Hurdles remain in the race to electronic government
Scottish project to centralise information offers timely lessons
Dr Sandra Collins and Dr Natalie Harrower of the Digital Repository of Ireland (DRI) who won the overall award for the ‘Inspiring Ireland’ project at the 2014 eGovernment Awards
On his visit to Dublin last week, as reported in The Irish Times, Bank of England governor Mark Carney spoke about fiscal risk-sharing across the euro zone, urging it to turn its currency area into a fiscal union in order to succeed.
“Cross-border risk-sharing through the financial system has slid backwards. Europe’s leaders do not currently foresee fiscal union as part of monetary union. Such timidity has costs,” he said in a speech.
One idea in line with this thinking was pitched around as an example: a centralised, EU-wide social welfare system, which would support the transfer of wealth across nations.
Developing and operating such a system would be a mammoth task, both politically and logistically, in light of the projects discussed at the eGovernment Summit, which was also in town last week.
“EGovernment” is how digital technologies, and in particular connectivity, can transform the way governments interact with citizens and society in general.
Tom Loosemore, deputy director of Government Digital Services in the UK, gave a keynote speech entitled eGovernment: Not Complicated, Just Hard.
SimplicityAs the person responsible for the UK government’s digital strategy, his goal is making “digital services so simple and convenient to force people to use them”.
Simplicity, as it turns out, is “hard work”, but Loosemore and his small multidisciplinary teams focus on it “ruthlessly”.
Delivery is a big part of his strategy. “When we decide to do something, what we don’t do is write a big strategy paper. The first thing we do is get out there as quickly as possible, build a prototype . . . get it in front of real users in the real world as quickly as possible,” he says, adding that user feedback often sends him back to the drawing board.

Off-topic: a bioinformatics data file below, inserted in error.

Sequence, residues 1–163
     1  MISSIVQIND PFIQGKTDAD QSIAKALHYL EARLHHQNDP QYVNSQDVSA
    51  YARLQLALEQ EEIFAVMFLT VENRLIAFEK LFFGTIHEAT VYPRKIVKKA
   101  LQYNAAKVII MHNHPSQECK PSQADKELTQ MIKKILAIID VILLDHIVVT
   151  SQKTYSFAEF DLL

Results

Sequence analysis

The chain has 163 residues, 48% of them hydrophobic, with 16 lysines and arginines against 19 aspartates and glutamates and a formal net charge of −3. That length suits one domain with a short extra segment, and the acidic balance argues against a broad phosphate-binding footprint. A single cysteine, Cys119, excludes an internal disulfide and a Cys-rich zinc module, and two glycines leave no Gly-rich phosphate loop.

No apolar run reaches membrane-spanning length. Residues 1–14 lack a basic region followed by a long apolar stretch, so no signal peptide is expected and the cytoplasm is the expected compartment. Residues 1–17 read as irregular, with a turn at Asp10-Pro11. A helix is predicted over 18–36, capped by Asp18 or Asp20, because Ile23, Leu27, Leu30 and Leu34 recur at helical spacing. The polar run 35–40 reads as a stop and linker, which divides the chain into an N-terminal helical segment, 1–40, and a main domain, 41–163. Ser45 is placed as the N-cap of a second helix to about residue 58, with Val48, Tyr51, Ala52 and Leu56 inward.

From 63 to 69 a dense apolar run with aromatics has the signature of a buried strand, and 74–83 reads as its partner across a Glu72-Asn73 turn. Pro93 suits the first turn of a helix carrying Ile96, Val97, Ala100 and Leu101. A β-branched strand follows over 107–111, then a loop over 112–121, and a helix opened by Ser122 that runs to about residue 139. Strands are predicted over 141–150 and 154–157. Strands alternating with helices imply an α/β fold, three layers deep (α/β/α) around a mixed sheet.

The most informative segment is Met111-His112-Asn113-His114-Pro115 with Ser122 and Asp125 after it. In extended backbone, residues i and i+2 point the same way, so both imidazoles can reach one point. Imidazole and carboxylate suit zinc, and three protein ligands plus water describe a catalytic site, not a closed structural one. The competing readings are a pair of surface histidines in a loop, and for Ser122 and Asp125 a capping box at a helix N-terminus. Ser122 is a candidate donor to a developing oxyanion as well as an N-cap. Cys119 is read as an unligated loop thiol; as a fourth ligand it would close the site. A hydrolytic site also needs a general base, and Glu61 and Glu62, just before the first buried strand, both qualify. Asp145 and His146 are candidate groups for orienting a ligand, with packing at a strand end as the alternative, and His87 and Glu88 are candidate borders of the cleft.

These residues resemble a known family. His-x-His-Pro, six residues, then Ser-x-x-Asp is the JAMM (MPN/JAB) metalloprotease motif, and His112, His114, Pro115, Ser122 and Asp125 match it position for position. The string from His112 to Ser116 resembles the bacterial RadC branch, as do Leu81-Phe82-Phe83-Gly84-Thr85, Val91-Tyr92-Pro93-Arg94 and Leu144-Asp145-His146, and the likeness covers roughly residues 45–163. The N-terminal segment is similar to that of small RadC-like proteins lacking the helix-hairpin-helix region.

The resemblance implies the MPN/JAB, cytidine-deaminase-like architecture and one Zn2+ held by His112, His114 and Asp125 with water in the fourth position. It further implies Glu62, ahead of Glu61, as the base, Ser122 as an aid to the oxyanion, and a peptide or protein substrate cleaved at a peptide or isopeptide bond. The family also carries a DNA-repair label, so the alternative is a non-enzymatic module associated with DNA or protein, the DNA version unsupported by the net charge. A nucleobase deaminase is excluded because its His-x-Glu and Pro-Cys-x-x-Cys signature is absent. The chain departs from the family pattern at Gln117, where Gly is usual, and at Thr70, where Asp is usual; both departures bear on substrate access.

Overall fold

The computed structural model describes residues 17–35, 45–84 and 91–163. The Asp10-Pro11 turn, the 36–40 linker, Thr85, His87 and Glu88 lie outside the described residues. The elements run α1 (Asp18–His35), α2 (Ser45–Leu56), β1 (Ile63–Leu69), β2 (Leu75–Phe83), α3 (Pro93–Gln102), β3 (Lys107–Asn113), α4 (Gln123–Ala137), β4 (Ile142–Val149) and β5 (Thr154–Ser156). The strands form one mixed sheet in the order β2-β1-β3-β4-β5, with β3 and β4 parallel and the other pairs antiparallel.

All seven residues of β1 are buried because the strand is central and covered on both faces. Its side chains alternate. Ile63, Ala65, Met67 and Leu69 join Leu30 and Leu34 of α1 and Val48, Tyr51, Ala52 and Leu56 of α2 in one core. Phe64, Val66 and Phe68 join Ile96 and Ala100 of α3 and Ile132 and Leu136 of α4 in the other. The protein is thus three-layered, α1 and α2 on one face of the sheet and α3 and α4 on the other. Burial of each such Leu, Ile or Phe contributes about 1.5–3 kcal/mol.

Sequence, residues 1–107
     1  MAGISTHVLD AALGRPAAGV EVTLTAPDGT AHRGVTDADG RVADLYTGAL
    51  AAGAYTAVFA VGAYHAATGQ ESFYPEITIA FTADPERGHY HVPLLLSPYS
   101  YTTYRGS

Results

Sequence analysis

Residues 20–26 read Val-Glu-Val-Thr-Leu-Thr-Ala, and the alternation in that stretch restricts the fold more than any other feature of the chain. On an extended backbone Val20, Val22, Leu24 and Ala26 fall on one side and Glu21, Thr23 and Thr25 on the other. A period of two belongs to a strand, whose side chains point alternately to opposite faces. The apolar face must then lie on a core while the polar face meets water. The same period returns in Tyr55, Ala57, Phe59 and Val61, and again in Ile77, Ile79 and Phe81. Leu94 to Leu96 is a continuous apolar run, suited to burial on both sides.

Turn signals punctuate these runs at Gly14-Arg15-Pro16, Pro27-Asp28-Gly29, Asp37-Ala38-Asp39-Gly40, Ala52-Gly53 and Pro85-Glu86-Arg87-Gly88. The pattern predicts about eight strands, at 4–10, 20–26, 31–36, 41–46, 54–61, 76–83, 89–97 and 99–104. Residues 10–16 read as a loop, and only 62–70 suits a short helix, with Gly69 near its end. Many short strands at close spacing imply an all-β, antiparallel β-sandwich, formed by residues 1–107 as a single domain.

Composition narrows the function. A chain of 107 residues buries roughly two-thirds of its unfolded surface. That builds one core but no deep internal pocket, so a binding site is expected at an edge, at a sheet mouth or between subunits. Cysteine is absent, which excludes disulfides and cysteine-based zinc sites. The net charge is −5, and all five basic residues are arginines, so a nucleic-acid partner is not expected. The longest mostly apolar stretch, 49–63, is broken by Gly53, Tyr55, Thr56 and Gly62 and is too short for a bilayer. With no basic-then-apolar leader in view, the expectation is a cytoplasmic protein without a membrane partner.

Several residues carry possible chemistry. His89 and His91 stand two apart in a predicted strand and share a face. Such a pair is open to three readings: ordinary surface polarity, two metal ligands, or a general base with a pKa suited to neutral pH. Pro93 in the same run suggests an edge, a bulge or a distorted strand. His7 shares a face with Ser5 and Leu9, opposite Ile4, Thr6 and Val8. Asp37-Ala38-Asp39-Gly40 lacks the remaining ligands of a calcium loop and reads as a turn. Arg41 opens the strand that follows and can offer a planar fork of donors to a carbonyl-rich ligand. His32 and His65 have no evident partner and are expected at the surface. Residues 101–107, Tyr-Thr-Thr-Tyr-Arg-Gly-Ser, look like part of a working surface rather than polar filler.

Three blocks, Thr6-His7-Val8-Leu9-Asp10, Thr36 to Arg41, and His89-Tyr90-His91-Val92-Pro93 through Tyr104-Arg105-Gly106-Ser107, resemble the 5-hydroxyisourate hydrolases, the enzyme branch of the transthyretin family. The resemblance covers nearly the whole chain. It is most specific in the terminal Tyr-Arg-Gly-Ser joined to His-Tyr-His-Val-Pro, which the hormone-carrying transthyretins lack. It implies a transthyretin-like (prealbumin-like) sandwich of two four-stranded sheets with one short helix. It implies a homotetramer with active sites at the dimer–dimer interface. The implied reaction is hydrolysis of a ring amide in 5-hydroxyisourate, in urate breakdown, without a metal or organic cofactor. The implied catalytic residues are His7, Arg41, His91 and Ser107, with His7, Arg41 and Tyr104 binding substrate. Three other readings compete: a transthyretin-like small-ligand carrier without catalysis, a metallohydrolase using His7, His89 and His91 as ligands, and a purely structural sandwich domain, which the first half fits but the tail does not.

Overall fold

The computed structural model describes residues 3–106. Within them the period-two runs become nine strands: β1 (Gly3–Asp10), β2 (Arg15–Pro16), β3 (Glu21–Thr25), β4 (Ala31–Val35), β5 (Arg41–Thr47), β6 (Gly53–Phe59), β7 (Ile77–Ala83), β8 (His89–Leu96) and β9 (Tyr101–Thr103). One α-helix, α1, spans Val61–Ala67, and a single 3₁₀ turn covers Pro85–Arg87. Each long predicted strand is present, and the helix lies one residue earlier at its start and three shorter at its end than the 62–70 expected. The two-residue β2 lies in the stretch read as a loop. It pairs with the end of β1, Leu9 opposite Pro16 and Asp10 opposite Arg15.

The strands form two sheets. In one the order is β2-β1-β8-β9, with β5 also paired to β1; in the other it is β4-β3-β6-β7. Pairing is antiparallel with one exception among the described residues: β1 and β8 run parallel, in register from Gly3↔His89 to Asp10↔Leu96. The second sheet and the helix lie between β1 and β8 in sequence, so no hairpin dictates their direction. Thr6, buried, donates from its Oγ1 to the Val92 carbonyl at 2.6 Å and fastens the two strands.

His project Gov.uk, a portal to public service information from the UK government, has nine million users a week.
“The UK is in the middle of a historic change in how people register to vote,” Loosemore says. Eligible voters must now register individually rather than being listed on a form filled in by the head of the household.
He says there is now a 92 per cent satisfaction rate with the online voter registration process on Gov.uk. “If you do the hard work and focus on simplicity, you can transform the relationship.”
But the breadth of Carney’s centralised social welfare idea is probably best highlighted by another speaker at the eGovernment Summit: John Campbell, managing director of Spider Online, a Glasgow-based digital agency. He spearheaded the Tell Me Scotland project for the Scottish government.
Information notices, including planning, licensing and roadworks information, are required by Scottish law to be published so the public can access it.